Appendicitis - Causes, Symptoms, Diagnosis and Treatment

Definition of Appendicitis

Appendicitis is one of the most common causes of emergency abdominal surgery in the United States. Appendicitis generally affects people aged between 10 and 30, but it can strike at any age. Approximately 250,000 appendectomies are performed in the United States each year to treat appendicitis.

Appendicitis is swelling (inflammation) of the appendix. The appendix is a small, tube-like organ attached to the first part of the large intestine. It is located in the lower right part of the abdomen. It has no known function.

Causes of Appendicitis

Experts believe there are two likely causes:
  • Infection - a stomach infection may have found its way to the appendix.
  • Obstruction - a hard piece of stool may have got trapped in the appendix. The bacteria in the trapped stool may then have infected the appendix.

Symptoms of Appendicitis

The main symptom is pain in the abdomen, often on the right side. It is usually sudden gets worse over time. Other symptoms may include :
  • Swelling in the abdomen
  • Loss of appetite
  • Nausea and vomiting
  • Constipation or diarrhea
  • Inability to pass gas
  • Low fever

Not everyone with appendicitis has all these symptoms.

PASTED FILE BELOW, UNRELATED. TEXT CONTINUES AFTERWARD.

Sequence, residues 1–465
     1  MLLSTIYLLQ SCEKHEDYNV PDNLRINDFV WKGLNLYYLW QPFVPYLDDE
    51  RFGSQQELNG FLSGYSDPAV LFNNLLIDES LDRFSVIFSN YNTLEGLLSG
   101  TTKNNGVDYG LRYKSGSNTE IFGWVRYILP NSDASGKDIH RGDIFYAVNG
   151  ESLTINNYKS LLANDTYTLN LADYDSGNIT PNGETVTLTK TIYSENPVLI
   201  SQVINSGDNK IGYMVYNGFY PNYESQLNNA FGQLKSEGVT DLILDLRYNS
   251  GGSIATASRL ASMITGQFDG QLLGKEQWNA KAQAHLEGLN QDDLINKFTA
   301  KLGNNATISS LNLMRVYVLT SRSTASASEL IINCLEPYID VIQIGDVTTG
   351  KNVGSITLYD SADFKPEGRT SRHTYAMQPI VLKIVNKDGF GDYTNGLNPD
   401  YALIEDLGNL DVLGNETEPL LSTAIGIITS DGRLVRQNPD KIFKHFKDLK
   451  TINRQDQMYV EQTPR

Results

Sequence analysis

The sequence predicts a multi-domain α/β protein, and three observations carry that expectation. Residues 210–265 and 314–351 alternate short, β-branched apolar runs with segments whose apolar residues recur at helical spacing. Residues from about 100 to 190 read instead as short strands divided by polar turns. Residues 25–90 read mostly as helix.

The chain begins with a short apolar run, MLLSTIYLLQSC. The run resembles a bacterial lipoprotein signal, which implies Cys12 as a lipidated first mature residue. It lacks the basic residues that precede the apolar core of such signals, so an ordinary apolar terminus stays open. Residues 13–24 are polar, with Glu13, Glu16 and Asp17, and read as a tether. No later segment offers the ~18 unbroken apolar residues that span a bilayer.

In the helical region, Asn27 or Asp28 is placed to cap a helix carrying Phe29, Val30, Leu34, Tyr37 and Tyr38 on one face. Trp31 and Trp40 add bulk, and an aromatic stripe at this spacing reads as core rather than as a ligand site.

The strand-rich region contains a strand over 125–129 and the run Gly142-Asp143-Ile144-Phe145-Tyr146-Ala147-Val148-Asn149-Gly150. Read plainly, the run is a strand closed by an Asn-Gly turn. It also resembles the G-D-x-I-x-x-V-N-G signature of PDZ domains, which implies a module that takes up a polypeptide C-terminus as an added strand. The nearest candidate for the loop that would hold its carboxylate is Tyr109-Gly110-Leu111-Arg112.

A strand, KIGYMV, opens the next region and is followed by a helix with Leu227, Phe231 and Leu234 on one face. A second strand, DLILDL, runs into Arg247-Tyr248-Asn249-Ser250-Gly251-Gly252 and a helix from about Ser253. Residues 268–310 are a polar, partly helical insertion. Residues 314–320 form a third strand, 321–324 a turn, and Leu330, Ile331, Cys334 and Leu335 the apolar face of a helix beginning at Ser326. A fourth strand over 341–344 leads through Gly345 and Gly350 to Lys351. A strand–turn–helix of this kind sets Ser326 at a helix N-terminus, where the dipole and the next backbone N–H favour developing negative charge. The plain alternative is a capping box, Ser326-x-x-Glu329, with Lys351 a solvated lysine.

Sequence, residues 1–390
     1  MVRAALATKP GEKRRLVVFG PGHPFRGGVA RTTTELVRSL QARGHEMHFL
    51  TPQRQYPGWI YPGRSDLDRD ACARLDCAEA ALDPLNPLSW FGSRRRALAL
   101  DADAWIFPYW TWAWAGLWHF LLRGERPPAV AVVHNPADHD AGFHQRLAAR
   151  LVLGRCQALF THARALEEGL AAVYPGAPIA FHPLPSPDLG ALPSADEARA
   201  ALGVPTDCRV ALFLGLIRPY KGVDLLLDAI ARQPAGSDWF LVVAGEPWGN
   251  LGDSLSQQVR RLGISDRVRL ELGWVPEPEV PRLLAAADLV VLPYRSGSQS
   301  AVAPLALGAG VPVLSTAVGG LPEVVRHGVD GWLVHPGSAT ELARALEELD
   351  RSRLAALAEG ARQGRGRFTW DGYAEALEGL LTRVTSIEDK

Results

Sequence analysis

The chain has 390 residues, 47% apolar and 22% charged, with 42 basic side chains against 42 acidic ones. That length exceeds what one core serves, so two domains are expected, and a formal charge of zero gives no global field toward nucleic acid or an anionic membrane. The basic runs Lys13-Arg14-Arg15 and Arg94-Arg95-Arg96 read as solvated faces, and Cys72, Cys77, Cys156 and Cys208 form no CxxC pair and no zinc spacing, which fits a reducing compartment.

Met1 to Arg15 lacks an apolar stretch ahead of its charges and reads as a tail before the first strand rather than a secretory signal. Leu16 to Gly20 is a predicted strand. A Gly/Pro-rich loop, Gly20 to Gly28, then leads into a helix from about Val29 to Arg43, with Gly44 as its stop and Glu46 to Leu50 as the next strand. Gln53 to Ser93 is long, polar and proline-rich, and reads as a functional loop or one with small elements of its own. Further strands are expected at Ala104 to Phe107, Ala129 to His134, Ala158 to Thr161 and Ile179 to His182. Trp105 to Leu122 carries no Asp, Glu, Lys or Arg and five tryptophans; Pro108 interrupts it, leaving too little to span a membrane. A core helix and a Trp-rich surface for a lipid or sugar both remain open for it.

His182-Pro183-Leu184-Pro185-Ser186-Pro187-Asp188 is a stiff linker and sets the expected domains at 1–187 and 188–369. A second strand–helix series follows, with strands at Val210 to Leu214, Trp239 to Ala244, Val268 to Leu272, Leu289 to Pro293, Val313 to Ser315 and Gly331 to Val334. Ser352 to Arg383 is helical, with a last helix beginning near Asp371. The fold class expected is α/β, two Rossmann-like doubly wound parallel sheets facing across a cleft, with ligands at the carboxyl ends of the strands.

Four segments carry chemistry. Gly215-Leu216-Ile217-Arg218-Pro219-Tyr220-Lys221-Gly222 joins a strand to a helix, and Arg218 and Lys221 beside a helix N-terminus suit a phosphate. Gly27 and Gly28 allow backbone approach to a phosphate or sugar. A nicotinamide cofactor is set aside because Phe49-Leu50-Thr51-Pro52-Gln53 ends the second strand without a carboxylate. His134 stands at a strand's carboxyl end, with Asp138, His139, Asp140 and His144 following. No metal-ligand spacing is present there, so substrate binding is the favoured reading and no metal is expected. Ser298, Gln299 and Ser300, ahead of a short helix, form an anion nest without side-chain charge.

Diagnosis of Appendicitis

A diagnosis can be tricky, however, says Michael Payne, MD, a gastroenterologist with Cambridge Health Alliance, a Harvard-affiliated public healthcare system, in Cambridge, Mass. "It is a very common illness and many people don't have classic symptoms," he says. "We actually have to put our hands on a belly to see for sure."

Treatment of Appendicitis

If you do not have complications, a surgeon will usually remove your appendix soon after your doctor thinks you might have the condition. For information on this type of surgery, see: Appendectomy.

Because the tests used to diagnose appendicitis are not perfect, sometimes the operation will show that your appendix is normal. In that case, the surgeon will remove your appendix and explore the rest of your abdomen for other causes of your pain.

If a CT scan shows that you have an abscess from a ruptured appendix, you may be treated for infection. You will have your appendix removed after the infection and swelling have gone away.
ads

No comments:

Post a Comment